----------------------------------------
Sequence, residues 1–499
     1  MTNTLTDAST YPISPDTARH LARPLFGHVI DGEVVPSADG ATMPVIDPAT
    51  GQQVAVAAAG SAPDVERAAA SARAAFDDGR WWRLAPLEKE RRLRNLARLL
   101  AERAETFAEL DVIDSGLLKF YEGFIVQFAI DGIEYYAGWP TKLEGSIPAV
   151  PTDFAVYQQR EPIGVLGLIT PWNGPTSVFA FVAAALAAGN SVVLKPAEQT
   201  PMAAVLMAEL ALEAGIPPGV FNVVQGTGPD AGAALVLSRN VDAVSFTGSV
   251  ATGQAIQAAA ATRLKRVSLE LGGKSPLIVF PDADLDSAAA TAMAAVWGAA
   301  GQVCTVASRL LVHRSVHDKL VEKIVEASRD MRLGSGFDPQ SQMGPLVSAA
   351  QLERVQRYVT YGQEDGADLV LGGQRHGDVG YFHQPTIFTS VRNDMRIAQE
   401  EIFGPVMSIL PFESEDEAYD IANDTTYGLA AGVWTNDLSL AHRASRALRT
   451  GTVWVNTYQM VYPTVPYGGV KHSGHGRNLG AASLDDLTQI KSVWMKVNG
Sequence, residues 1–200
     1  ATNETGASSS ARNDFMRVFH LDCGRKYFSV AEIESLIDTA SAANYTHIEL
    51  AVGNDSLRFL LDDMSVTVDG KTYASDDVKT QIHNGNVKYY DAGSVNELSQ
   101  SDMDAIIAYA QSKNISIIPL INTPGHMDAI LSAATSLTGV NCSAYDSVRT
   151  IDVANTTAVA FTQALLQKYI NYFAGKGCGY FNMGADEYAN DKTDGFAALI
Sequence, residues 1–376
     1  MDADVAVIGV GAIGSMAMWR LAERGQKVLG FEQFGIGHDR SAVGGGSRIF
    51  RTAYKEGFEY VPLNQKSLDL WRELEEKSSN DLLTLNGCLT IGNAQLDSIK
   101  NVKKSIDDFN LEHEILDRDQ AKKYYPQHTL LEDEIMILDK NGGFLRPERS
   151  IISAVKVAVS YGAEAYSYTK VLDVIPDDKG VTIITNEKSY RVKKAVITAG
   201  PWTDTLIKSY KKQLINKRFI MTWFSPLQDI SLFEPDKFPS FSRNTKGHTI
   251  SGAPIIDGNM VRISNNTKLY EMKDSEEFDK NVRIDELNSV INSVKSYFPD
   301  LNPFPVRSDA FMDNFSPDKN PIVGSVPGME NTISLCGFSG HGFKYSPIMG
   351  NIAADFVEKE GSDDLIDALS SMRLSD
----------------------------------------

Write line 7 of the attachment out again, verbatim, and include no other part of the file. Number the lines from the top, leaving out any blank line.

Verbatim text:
   251  ATGQAIQAAA ATRLKRVSLE LGGKSPLIVF PDADLDSAAA TAMAAVWGAA